Since writing the foregoing sentence a very remarkable confirmation of the existence of this oath among English Gipsies, and the sacredness with which it is observed, came under my own observation. An elderly Gipsy, during the course of a family difficulty, declared to his sister that he would leave the house. She did not believe he would until he swore by his dead wife—by his “mullo juvo.” And when he had said this, his sister promptly remarked: “Now you have sworn by her, I know you will do it.” He narrated this to me the next day, adding that he was going to put a tent up, about a mile away, and live there. I asked him if he ever swore by his dead father, to which he said: “Always, until my wife died.” This poor man was almost entirely ignorant of what was in the Bible, as I found by questioning him; but I doubt whether I know any Christian on whom a Bible oath would be more binding than was to him his own by the dead. To me there was something deeply moving in the simple earnestness and strangeness of this adjuration.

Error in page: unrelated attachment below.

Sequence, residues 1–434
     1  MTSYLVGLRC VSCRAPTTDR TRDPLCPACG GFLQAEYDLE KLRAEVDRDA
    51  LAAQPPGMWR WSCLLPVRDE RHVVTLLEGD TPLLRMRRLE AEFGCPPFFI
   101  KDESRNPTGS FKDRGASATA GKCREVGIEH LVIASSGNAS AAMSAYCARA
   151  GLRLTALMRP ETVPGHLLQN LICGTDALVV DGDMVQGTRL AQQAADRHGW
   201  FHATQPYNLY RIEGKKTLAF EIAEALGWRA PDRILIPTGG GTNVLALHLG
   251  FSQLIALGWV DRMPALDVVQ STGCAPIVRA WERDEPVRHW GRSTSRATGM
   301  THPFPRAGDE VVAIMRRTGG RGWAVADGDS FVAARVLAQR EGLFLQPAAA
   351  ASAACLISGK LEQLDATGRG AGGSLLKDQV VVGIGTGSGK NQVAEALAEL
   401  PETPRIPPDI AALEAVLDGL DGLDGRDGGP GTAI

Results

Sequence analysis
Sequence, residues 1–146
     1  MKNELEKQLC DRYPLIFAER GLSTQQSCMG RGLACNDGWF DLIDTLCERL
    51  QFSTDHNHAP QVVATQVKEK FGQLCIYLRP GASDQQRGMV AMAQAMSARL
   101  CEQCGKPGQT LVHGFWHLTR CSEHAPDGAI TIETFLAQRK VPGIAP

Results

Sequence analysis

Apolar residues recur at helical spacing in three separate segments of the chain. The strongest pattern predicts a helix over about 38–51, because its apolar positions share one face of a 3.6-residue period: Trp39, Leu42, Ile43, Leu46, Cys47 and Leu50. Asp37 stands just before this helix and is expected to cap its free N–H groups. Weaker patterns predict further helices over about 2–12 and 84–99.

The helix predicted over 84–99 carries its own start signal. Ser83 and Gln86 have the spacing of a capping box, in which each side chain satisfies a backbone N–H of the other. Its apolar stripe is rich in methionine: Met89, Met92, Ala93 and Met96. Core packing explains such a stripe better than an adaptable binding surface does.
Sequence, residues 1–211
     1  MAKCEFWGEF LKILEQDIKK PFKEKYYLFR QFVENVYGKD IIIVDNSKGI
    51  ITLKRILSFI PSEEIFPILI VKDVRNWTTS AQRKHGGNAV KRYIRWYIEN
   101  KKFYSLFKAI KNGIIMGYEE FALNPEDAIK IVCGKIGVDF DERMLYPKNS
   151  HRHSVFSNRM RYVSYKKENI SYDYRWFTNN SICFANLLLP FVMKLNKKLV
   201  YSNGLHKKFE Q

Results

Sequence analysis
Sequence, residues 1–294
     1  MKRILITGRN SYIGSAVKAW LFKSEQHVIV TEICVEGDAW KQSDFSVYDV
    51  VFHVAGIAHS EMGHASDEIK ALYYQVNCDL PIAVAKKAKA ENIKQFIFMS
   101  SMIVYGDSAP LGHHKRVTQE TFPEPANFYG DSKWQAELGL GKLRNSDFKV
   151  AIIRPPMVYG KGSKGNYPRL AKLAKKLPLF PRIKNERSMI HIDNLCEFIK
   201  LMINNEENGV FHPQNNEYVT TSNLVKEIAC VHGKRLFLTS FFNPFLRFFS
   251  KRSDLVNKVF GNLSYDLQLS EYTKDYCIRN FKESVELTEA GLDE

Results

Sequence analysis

The German, like the older English Gipsies, carefully burn the clothes and bed of the deceased, and, indeed, most objects closely connected with them, and what is more extraordinary, evince their respect by carefully avoiding mentioning their names, even when they are borne by other persons or are characteristic of certain things. So that when a Gipsy maiden named Forella once died, her entire nation, among whom the trout had always been known only by its German designation, Forelle, at once changed the name, and, to this day it is called by them mulo madscho—the dead fish,—or at times lolo madscho—the red fish.

This is also the case among the English Gipsies. Wishing to have the exact words and views of a real Rommany on this subject, I made inquiry, and noted down his reply, which was literally as follows:—